C++11 in Eclipse CDT Part 1 – Getting and Installing GCC4.7

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  C++ C++11 Howto

This is the second part of a three part series on using C++0x11 on OSX via Eclipse. If you need a little bit more nudging, you might want to look at Part0 of this series, where I make the case that the Langauge is moving in this direction and as such does not make sense for us to use older outdated tools.

In this post I’ll discuss the process of getting and installing the GCC4.7 compiler. First we need to arm our computer with the right tools.

We’ll be configuring and installing the following tools:

  • Macports: A tool for configuring / building / installing  tools, binaries, etc from terminal on OSX similar to ports or apt-get
  • Xcode 4.2+ : Required for above
  • Xcode 4.2+ Command Line Support: Required to build macports
  • Eclipse CDT: Our editor

C++0x11 + OSX + Eclipse: Part 0 – The Why

onedayitwillmake 3 comments
  C++11 eclipse

I use Eclipse CDT as my C++ editor of choice on my Mac at work and at Home.
It’s really a very good editor for C++. Xcode, is a decent editor. When doing iphone / mac OSX projects with Objective-C its an amazing editor. However it is very bad at C++, in my opinion Xcode 4 is much worse than Xcode 3 at C++ code editing.

Is it a conspiracy to nudge developers towards developing using (basically) Apple’s own Objective-C programming language? Maybe I’m not sure, however I do love Objective-C, it’s my second and sometimes first favorite programing language, behind only C++.

To be honest it’s probably not, since they support the Clang+LLVM project which supports C++11, in fact it supports more features than GCC4.7 and is a faster compiler.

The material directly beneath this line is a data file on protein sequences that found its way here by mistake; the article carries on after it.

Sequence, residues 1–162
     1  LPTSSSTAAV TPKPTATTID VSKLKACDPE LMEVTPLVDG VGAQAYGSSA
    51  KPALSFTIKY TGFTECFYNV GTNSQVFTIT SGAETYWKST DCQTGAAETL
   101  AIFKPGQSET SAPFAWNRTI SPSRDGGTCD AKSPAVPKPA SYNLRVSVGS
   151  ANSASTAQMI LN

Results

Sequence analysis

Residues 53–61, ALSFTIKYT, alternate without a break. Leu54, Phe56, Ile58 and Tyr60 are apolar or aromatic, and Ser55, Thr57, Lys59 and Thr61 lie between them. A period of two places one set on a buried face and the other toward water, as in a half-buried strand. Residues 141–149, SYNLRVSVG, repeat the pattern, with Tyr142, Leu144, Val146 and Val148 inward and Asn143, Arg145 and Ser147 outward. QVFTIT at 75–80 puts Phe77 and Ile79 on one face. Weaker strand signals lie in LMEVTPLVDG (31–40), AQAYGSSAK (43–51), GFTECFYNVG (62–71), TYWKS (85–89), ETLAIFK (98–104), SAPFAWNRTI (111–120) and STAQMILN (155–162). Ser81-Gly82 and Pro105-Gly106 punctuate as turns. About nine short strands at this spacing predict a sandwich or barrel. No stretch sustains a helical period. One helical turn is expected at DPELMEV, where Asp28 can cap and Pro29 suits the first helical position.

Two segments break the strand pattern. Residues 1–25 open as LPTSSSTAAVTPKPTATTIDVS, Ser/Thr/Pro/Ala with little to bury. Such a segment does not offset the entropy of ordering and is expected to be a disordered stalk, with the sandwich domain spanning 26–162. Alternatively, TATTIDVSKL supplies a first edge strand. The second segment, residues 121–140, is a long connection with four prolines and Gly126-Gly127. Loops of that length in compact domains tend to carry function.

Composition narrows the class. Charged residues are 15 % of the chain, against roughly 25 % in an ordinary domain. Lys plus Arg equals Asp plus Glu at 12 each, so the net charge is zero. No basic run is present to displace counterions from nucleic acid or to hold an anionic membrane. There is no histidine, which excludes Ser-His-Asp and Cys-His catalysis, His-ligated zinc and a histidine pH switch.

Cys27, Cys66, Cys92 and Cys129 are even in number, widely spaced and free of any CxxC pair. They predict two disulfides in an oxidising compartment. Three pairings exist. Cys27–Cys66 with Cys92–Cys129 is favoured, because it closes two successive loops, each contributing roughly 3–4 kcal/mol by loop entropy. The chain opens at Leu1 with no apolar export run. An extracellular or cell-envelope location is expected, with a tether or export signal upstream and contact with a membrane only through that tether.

C++ has matured so much in the last few years, and a large part of that is due to the Boost libraries. In fact Boost, is sort of used as a testing ground for C++ – and many parts of C++0x11 started off as Boost Libraries ( for-each, any containers, lambdas, smart pointers, thread ).

As an OSX affectionato, I have to admit that I was upset that my latest version of OSX ( Lion at the time of writing ) was using GCC 4.2… GCC 4.2.1 is from July 2007!. The compiler and accompanying library is over 5 years old! In computer years, from what I sophisticatedly computed, thats 1 zillion years ago. That doesn’t seem right… Apple is defineintly making amzing strides with LLVM+Clang compiler, it’s actually better and faster than the latest GCC (4.7 at time of writing), however Xcode is such aTERRIBLE C++ editor, often not providing auto-complete, and not being able to find references until upto a minute after click. One minute? That’s crazy.

Hearing all this talk about how great C++0x11 was, I wanted to use it. To be honest, a lot of the stuff can be faked using the amazing Boost libraries – some of which are now standard. However I felt ripped off, these are officially part of C++ I should be able to use them now right!? Well not on OSX you can’t – well at least not without a little bit of work.